When the Humane Society International (HSI) was involved in the original negotiations for the Environment Protection and Biodiversity Conservation Act 1999 in the late 1990s, it promised a new era of environmental protection. The Federal Government had recognised its obligation to protect our environment at a national level and introduced...
The review of the Environment Protection and Biodiversity Conservation Act 1999 (EPBC Act) should be a turning point away from the business as usual approach which is driving ecosystems to collapse and species to extinction. However, Humane Society International (HSI) is concerned that the Government’s initial response to the interim report released today risks heading in the wrong direction.
“The review comes at a time when our natural world is facing unprecedented threats. Reform is needed to turn around our current trajectory of ecosystem collapse and species sliding to extinction,” said Alexia Wellbelove, HSI’s Senior Campaign Manager.
“HSI welcomes the notion that robust national environment standards should be the bedrock on which decision-making is based, but we have deep concerns that the prototype standards for threatened species are simply not strong enough,” Ms Wellbelove continued.
“We do not want to see standards that enshrine the status quo for threatened species. This is the moment that the government needs to step up protection for nature with stronger standards,” said Nicola Beynon, HSI Head of Campaigns.
“Even with the highest national standards a “strong, independent cop on the beat is required” according to Graeme Samuel and yet the Government has ruled out the formation of any independent regulator. This undermines the promise of legally enforceable standards.”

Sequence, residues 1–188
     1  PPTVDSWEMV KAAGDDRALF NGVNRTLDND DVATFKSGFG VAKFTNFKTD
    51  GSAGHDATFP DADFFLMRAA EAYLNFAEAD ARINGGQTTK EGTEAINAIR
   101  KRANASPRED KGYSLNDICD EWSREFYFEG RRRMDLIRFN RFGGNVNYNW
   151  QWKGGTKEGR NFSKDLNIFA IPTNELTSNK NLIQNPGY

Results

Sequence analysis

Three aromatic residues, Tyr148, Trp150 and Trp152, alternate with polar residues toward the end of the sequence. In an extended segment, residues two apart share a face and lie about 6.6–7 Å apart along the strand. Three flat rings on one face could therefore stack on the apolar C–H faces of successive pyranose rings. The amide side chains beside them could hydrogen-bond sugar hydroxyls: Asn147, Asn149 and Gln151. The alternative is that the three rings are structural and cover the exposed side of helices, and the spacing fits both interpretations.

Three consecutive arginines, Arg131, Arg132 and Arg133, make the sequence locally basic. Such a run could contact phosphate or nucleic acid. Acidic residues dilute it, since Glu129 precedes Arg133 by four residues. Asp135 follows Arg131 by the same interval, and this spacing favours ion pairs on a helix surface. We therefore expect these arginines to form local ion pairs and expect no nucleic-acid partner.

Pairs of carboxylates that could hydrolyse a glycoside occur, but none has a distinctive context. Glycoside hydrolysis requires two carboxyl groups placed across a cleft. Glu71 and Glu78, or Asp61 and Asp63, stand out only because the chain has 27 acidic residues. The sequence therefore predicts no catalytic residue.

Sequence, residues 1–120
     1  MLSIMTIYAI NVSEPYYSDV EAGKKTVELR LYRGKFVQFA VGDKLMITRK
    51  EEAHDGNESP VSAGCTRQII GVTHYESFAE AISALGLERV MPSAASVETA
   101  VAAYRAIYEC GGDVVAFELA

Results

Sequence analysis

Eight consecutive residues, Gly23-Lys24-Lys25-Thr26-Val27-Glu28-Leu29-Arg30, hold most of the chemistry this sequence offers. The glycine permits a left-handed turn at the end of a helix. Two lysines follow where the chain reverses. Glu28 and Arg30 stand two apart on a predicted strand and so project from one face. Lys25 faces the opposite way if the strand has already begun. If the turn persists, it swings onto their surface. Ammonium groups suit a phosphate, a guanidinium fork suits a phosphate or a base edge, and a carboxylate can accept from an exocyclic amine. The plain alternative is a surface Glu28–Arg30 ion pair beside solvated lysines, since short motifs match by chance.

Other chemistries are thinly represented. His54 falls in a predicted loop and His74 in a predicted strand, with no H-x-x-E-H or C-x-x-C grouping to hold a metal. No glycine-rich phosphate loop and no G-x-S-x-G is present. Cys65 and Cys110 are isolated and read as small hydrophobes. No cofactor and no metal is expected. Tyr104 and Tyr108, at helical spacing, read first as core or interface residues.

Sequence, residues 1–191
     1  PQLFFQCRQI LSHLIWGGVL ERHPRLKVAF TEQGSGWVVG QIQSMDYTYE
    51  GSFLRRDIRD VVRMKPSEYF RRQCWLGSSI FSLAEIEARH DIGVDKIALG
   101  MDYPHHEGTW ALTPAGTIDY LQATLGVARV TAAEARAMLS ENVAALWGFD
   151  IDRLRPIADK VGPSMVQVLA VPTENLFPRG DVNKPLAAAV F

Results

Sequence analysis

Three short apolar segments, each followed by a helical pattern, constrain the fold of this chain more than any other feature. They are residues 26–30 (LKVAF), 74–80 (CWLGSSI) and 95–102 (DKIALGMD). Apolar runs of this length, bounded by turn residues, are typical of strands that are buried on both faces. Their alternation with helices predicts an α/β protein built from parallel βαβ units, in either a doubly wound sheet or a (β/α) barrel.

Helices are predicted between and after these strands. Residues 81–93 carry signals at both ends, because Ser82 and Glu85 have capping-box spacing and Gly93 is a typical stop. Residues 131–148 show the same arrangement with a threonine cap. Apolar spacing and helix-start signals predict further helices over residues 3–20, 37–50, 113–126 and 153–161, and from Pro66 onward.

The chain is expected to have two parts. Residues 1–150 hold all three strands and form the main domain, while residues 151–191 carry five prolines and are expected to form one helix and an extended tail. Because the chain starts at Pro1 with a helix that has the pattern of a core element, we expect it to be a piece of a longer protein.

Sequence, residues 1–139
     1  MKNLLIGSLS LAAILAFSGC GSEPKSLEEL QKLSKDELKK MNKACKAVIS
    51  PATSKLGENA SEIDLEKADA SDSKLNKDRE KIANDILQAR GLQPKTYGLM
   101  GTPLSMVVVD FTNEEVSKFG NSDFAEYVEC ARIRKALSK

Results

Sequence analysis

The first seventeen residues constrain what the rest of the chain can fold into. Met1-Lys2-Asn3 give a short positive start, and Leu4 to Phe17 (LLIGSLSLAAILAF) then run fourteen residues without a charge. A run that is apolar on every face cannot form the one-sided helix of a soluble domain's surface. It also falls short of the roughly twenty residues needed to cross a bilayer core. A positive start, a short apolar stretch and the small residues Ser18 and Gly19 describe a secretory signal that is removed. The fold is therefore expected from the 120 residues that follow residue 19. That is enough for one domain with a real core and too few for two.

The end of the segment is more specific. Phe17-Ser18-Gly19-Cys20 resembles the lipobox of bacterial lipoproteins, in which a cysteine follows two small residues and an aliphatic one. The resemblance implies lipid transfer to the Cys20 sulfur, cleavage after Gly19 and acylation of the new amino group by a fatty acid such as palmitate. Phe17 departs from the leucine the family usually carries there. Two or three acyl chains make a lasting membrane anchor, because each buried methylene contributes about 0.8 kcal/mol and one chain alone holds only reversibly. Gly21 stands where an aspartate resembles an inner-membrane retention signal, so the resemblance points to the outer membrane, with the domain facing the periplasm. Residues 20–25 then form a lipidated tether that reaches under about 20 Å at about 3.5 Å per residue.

HSI is concerned that the Government is racing ahead to accredit State and Territory Governments before Professor Samuel submits his final report at the end of October.
“A fast decision is a false economy. It risks a legacy of environmental degradation and greater financial cost in the long-term. Short-term thinking has led us into an extinction crisis, it is time to shift this frame,” said Ms Wellbelove.
HSI has previously exposed the serious implications for handing over environmental decision making to the States and Territories with the Commonwealth bowing to lower state standards.
“Evidence to date shows that accrediting states to do the job of the Commonwealth leads to a lowering of environmental standards. We remain deeply skeptical of the ability for accredited processes to lead to positive environmental outcomes,” said Ms Wellbelove.
In 2018 HSI won a three-year Freedom of Information battle, which revealed the Federal Government secretly advised the Government of NSW that its Biodiversity Offsets Policy did not meet national environmental standards. Despite this, the Federal Government went on to accredit the NSW policy allowing it to be used when approving developments impacting nationally threatened species found in NSW.
“Strong new environment laws are needed to tackle the increasing extinction crisis facing Australian wildlife. The independent review is an unmissable opportunity to deliver the transformational change so desperately needed. HSI urges the Government to wait for the full final report due in October before taking any action that will have significant long-term impacts on Australia’s environment,” concluded Ms Beynon.
Photography Doug Gimsey